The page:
Many refugee centres have now closed and the intense relief and support work that we identified across the country this time last year is more measured and strategic.  Most relief organisations are looking at the longer-term integration of Ukrainians into Moldova and the positive outcome that this could bring.  Recruiting teachers, psychologists, and social workers for example, could fill some of the gaps left by Moldovans who emigrated in recent years and many software programmers have found work with the large computer firms in Chisinau.

The Music and Drama Project – funded by CCF Moldova, Hope and Homes for Children and World Jewish Relief and implemented by MUSE CIC – enabled a number of BEARR’s partners to collaborate.  This included the League of Polish Women/Playback Theatre, the Mother and Child Centre at the Municipal Library and Junior Chamber International (JCI).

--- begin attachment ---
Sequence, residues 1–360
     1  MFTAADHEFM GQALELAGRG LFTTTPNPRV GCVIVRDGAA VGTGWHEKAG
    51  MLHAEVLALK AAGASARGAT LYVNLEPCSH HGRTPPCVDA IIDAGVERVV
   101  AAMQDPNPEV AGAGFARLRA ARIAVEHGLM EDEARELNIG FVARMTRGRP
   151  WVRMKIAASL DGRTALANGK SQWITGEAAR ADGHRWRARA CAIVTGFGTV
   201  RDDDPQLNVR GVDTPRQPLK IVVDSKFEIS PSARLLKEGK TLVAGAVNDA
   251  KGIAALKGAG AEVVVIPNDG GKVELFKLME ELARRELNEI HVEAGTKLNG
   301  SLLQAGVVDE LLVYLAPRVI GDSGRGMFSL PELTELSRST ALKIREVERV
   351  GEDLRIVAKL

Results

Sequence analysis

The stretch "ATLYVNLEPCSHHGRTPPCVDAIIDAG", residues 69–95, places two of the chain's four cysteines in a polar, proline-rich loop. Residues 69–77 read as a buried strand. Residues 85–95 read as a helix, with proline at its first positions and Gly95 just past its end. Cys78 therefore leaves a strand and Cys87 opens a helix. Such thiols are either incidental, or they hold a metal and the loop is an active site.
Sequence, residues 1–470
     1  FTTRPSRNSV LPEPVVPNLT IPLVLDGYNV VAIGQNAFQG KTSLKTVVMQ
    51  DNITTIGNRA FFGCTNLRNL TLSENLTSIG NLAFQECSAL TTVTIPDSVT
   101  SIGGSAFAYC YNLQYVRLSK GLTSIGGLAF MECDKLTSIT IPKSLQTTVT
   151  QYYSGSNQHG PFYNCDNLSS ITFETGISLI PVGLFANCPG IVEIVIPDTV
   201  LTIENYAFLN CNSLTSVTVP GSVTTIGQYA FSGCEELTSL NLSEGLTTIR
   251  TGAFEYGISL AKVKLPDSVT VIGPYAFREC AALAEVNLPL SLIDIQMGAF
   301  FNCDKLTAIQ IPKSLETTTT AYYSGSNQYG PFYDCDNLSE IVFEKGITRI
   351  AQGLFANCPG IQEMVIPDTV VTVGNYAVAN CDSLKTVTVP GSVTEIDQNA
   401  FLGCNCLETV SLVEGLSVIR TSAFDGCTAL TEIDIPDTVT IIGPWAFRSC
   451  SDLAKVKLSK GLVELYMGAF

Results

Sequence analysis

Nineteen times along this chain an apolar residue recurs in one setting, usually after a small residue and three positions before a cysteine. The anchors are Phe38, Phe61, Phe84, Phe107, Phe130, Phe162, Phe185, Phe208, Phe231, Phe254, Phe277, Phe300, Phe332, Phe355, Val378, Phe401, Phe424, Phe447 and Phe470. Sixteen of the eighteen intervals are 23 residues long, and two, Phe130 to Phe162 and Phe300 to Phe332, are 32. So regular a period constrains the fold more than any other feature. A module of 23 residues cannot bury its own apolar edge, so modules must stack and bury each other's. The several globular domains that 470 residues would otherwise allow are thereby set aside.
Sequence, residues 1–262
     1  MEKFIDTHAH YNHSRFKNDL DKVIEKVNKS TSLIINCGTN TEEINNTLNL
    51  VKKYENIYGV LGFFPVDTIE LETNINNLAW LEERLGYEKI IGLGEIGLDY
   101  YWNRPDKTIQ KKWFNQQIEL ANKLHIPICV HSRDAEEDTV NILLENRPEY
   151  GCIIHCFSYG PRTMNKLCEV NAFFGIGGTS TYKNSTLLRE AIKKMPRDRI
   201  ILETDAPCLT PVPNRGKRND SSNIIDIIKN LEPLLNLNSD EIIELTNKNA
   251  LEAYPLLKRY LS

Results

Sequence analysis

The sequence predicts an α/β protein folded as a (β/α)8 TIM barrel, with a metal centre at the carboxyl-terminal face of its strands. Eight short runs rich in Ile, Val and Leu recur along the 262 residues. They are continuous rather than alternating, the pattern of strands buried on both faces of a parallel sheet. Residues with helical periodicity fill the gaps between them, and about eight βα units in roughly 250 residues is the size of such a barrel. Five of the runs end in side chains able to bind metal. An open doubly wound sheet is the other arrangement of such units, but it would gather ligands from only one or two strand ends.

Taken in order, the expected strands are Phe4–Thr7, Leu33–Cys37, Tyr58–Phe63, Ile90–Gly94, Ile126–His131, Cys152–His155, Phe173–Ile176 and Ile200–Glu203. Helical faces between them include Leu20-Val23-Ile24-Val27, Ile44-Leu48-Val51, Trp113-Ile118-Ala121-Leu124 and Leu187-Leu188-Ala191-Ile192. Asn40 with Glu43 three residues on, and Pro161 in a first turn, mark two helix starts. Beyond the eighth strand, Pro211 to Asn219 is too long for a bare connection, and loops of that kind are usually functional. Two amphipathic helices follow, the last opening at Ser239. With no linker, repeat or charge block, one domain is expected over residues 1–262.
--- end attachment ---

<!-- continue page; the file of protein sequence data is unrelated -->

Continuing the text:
Ably led by veteran community musicians, Peter Vilk from Bristol and Tony Pesikan from Sarajevo (who first met in Sarajevo in 1993 when Tony was himself a teenage refugee) we spent 5 days with children, parents and CCF facilitators, making music and learning how to keep 20 very lively children engaged and inspired.  The CCF facilitators are doing a remarkable job working with large groups of children aged between 6 – 16, many of whom only stay for a few days before moving on.  Four of the six RACS we visited provide comprehensive support for Roma families who seem more peripatetic than ethnic Ukrainian families.  The children exhibited a curiosity, excitement and boisterousness that was infectious but quite challenging to harness!

Alongside participating in these lively music workshops, we also spent much of the week visiting BEARR’s partners, some of whom we have worked with for many years, while others we have met either through the launch of our Emergency Appeal or from Jane and Megan’s visit last year.  We were warmly welcomed by the following organisations:

  • Mother and Child Centre at the Municipal Library

    A year on since BEARR helped to fund the renovations of the library, the centre has developed into a beautiful model of care, education and stimulation, emotional support for the whole family and local employment for several Ukrainian mothers.